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I finally understand how inspiration porn hurts kids like mine

Maureen used to be obsessed with baseball -- and then she had children. After she welcomed her son, Charlie, and his extra chromosome, she discovered her passion for writing about Down syndrome and disability-related issues.

With two tod...

My son with Down syndrome isn't here to be your inspiration

My journey as a parent of a child with a disability has been a series of blessings, mistakes and good intentions. I’d say the same about my experience as a writer focused on parenting a child with a disability. I’ve learned much in these brief six years; above all, I’ve learned there’s much more to learn.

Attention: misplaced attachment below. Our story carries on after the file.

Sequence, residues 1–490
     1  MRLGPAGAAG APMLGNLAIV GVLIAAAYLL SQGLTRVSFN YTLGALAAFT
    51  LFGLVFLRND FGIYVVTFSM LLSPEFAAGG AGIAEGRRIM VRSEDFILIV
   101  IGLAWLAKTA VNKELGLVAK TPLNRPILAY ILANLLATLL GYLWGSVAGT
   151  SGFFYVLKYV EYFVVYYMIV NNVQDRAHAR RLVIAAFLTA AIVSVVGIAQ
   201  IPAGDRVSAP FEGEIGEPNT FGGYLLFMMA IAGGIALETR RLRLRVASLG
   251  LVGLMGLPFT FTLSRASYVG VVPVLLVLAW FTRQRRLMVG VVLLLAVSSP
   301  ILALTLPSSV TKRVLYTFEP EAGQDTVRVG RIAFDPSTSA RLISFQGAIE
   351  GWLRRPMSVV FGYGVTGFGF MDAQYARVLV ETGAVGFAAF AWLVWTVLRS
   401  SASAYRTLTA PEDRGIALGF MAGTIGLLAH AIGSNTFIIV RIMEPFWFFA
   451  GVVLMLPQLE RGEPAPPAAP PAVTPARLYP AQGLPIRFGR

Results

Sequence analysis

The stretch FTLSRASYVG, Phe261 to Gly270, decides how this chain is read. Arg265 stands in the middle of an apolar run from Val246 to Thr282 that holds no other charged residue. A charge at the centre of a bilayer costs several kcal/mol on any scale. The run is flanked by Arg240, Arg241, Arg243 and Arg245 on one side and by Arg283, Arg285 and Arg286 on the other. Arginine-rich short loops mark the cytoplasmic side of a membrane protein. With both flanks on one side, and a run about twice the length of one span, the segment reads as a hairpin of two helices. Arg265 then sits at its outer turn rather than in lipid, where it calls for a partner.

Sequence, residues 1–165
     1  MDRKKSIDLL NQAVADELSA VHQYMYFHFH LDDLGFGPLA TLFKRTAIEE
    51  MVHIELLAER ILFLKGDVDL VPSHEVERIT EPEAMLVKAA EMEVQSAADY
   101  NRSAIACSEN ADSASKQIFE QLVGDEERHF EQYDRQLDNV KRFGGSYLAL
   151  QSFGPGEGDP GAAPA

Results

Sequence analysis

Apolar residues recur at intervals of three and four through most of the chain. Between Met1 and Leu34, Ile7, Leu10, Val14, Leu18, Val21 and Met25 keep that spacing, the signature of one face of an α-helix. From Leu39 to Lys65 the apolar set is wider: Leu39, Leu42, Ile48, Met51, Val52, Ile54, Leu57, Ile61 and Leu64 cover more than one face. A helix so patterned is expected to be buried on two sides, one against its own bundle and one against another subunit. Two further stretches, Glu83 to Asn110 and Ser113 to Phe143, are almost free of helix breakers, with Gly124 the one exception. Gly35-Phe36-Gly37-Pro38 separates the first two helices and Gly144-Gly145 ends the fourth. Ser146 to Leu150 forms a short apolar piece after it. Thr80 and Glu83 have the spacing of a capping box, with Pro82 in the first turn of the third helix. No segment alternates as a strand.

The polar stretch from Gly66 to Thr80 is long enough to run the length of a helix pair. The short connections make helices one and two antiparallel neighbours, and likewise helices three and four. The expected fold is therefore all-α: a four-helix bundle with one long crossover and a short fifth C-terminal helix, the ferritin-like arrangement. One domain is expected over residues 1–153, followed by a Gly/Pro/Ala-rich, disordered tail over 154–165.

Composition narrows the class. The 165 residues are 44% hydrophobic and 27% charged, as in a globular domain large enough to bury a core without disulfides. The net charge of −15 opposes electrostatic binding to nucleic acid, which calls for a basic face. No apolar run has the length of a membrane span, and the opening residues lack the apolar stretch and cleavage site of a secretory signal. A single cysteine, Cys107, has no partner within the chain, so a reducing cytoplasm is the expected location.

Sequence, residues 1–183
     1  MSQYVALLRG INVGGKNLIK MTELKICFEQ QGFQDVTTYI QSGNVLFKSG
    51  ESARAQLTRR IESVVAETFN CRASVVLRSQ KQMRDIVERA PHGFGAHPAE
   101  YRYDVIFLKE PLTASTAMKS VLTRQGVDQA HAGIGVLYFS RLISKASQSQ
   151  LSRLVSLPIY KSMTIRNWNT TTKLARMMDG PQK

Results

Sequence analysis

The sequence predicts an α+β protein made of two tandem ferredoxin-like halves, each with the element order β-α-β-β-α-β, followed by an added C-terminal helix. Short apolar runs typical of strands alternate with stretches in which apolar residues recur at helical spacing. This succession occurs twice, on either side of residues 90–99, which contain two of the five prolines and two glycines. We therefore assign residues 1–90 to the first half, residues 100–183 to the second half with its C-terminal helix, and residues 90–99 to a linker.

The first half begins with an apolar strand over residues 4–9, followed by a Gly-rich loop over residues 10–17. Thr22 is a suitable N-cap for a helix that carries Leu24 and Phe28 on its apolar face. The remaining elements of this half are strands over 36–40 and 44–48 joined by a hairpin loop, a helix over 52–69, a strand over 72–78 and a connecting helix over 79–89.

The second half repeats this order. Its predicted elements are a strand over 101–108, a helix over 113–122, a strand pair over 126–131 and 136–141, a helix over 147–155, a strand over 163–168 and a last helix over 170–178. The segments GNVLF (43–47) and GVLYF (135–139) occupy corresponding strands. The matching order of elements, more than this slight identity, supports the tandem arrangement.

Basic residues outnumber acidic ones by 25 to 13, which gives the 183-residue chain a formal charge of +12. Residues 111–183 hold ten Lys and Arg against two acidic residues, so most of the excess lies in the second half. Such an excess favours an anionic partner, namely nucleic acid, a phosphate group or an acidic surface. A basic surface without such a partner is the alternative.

I’ve also learned a little about grace and allowing myself time to learn. Life doesn’t offer a six-week night course in disability 101. Until I had someone in my life with a disability, until the experience became as personal as motherhood can be, I just bopped through life hoping to get it right, hoping not to offend anyone in general.

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Then I had my son Charlie, who has Down syndrome. Then my ears burned when I heard someone toss out the R-word. Then my legs wobbled as I stood, knowing I was prepared to speak out and not let the moment pass.

But holding my baby in my arms didn't make me an expert on Down syndrome. Charlie is almost 6 years old now, and sometimes this journey — learning how to advocate for my son and all people with disabilities — feels like a never-ending graduate program with constant pop quizzes. I've definitely flunked some along the way.